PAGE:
"The album is a revelation from begining to end."
- Kent Nicholson of TheatreWorks and Crowded Fire
ALBUM REVIEW by Dave Kostiuk:
Life After 339 by Panthelion - Dvorzak, 2007
I figured it out on my third listen. Well, I should have already known, as Andrew Currier already told me in a previous interview that he is trying to create “a new body of standards” with his solo debut, Life After 339. When he initially said this, I though to myself: good, another young musician in the Bay Area trying to make a difference. But after repeated listens to his record, the true significance of this “body of standards” idea came to light. Like great tunes of yesteryear, such as “Take the A Train,” or “So What,” or “Goodbye Pork-pie Hat,” Currier’s compositions are catchy and memorable. That’s it; that’s the basic formula for all great music, be it Bach or Chuck Berry. And Life After 339 has got this going on in a major way.
With much thanks to the aforementioned infectiousness, this entirely original album is relevant and vibrant, rather than retro and vacuous. Once more, performance and production-wise, the level of Life After 339’s artistic execution is highly professional and pristine. This fundamental aspect perpetuates the music’s twenty-first century validity without compromising its earthy, head-bobbing, and succulent flavor. With learned, tasteful abandon, composer, conceptualizer, and producer Currier also serves as the album’s aural axis – specifically, as standup bassist and pianist. And although the album is tinged with bebop and tropical grooves, its instrumental line-up somewhat recalls that of jazz’s “cool” period, with drumkit, tenor sax, and muted trumpets flowing throughout, as well as vibraphones and strings. However, in the songs with strings, these classical sounds seem to inform each respective piece rather than sprinkle them.
The album kicks off solidly with “Blue at Midnight.” Though highly melancholic, (as much of the songs are), this tune immediately establishes a solid, driving, hummable melody in the form of Currier’s piano and bass. The singalong quality is expanded upon via a wonderful conversation between the tenor sax of Bay Area session legend Charles McNeal and trumpeter Rob Dehlinger. But a true star of this selection is accomplished Middle Eastern percussionist Vince Delgado, with his sublime and richly recorded textures that seem to best signify Currier’s intended ethereal and supernatural overtones. Delgado’s cryptic blend of jazzy and North Indian tips and taps best indicate the concept of an earthly muse (339 Taylor) leading the self to unearthly places.
“This is It” follows in very much the same vein as the previous track, with an emphasis on space, warmth, and pronounced melodies. Here, Delgado’s forceful yet watery percussionisms are supported by drummer Dave Tweedy, a San Francisco-based rock producer. Delgado’s contributions are countermelodic, and the effect is moody and introspective. This time McNeal is joined by Ara Anderson on trumpet, another S.F. talent whose accomplishments include two albums with Tom Waits. However, here the horns are more subservient to the thick chord changes of Currier’s four-string and keys than on the previous cut. Nonetheless, both “Blue at Midnight” and “This is It” function as short but sweet introductory themes, effective appetizers when part of the album as a whole, yet substantial and classic-sounding when considered as separate pieces on their own. Not a small feat when you consider the fact that this album (gasp!) does not employ the alleged wonders of Pro Tools or non-acoustic instrumentation.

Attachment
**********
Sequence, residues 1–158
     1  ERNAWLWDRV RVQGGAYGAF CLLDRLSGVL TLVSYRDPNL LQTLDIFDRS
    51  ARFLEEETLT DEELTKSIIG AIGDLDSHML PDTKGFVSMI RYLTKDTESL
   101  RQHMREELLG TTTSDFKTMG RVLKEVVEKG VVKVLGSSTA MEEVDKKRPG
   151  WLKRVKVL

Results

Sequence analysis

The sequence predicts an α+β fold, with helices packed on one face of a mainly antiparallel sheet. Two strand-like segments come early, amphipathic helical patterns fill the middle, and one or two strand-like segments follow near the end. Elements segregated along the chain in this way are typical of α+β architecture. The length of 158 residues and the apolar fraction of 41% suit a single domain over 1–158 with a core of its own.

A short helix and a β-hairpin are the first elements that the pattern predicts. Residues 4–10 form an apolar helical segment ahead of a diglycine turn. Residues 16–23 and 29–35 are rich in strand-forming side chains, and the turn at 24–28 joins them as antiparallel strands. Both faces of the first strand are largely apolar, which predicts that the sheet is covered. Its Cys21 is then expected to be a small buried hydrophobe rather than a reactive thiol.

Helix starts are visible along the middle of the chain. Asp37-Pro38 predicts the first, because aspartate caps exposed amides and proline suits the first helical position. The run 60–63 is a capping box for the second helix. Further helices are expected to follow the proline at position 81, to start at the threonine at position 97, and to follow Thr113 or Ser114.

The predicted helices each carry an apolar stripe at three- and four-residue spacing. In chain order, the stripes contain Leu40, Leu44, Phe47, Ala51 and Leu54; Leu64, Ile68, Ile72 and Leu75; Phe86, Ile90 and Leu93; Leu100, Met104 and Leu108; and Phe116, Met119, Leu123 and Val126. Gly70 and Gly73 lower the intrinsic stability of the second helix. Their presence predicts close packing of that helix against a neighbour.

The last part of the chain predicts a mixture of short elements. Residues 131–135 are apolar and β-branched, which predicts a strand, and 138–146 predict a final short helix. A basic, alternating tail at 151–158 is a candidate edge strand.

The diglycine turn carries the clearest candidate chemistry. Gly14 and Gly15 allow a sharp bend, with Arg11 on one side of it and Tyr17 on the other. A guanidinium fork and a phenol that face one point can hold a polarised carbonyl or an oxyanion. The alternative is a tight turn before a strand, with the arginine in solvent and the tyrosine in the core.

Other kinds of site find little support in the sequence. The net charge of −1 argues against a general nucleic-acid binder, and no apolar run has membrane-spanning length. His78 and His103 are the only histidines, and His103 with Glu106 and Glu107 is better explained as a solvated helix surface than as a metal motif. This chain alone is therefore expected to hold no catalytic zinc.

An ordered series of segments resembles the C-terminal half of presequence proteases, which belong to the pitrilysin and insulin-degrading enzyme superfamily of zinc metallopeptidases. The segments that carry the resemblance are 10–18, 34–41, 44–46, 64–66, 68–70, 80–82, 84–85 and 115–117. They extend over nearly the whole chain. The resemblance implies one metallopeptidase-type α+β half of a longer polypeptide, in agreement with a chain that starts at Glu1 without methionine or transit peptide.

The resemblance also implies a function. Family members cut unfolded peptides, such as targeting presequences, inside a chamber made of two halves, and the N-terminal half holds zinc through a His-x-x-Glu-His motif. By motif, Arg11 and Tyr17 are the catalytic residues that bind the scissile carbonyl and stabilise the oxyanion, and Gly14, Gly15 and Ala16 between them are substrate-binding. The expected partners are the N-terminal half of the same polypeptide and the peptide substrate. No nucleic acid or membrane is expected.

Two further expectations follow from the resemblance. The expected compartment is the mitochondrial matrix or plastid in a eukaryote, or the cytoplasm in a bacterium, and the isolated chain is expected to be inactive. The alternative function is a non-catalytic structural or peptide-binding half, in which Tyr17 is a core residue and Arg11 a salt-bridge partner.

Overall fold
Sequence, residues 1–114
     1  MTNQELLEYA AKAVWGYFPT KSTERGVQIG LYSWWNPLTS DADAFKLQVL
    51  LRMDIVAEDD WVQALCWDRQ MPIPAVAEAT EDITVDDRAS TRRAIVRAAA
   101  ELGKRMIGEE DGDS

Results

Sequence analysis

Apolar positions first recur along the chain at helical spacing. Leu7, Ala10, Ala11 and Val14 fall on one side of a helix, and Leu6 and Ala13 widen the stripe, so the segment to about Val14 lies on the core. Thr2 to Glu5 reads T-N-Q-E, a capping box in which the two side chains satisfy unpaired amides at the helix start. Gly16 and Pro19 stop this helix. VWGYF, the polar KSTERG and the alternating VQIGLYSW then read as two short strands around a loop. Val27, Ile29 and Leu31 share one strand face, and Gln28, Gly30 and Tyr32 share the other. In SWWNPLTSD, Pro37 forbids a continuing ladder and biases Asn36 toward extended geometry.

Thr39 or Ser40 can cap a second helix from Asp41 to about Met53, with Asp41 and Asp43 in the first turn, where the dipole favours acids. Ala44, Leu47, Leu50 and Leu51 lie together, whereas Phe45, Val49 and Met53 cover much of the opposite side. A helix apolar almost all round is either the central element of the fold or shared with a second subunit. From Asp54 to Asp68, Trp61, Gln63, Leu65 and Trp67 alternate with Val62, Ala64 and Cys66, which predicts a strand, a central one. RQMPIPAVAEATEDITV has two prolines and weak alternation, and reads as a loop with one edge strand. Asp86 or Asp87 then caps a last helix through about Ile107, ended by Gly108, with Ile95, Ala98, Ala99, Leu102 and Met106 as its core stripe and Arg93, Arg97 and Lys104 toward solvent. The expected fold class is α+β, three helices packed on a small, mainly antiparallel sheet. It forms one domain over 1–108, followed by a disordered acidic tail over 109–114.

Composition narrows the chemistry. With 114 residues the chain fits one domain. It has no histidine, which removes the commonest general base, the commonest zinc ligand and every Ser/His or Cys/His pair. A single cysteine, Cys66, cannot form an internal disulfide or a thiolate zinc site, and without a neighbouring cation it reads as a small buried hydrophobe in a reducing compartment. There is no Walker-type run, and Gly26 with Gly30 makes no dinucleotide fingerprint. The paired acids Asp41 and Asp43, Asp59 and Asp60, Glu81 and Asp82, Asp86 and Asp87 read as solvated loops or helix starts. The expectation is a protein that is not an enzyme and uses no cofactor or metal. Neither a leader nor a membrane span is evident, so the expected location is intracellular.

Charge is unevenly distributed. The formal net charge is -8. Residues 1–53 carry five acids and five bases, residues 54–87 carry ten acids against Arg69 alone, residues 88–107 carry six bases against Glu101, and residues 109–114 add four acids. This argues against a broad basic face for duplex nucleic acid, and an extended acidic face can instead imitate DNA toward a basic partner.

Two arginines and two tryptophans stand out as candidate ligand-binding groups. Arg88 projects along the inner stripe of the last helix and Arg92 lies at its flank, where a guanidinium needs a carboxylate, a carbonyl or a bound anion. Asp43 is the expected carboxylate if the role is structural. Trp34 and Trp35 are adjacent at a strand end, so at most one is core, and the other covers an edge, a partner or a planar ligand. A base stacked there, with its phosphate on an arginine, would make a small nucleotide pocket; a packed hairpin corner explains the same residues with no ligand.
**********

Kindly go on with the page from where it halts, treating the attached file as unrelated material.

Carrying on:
Though the artistic vision remains logically consistent, the subsequent track “Kaplice (Remix)” revs the album up to a higher gear. Here we are reminded that fine art should also be funky and fun, and much of this lesson is present with thanks to drummer Babatunde Lee. In fact Lee - who has played with such greats as McCoy Tyner, Pharoah Sanders, and Bill Summers of the Headhunters - says himself: “the one thing that I’m really sure of about my playing is that I can call the ghosts.” No doubt, as Lee’s fluttery brush work abruptly morphs into thundering and thunking stick slaps that shout “BOO!” upside your head. At the songs open, Currier establishes a jovial, mid-tempo latin groove on the piano, and then enters the song proper with a tough bass line that could/should be sampled by A Tribe Called Quest or even the Wu Tang Clan. Slightly contemporary hip-hop references aside, the upright work is smooth but pushing, with a swang that the muted trumpet literally dances upon. This horn represents a killer performance by Mike Olmos of Mingus Amungus and the Realistic Orchestra, recorded here alongside frequent bandmate Doug Rowan on tenor sax. But it is Babatunde Lee who truly takes us outside, closing the tune with an emphatic drum solo, one that is aggressively African yet jarringly present in the mix a la Led Zeppelin.
Another personal favorite of mine is the bebop frenzy turned tango tastiness simply titled “Ink.” The floor-cutting quickness of Currier’s bass brings the best out of all three percussion performances on this track: the earthy, standout stank of Babatunde Lee, the crucial contributions of Vince Delgado, and the gentle fury of jazz festival veteran, vibraphonist Tommy Kesecker. Oddly enough, during the song’s first half, the horns seem to hold the center together more so than the remaining instruments, which dart and dance across the soundscape. But when the song briefly digresses into a stricter, slower-paced Latin pulse, it is the horns that venture outside to play. Moreover, “Ink” is our first taste of Currier’s easy-to-follow yet inventive compositional sophistry. In just five minutes plus, the song is comprised of two distinct movements, and these deft thematic shifts complement the musical fun as a whole rather than give it an academic snootyness. We actually go on a trip rather than merely eavesdrop on a jam session. In addition, props are due to the vibrant, ringing drum tuning on the long fill Lee plays as a segue to the second “scene” of the piece; this grimy grit is all the more striking next to the cleaner portions of the track.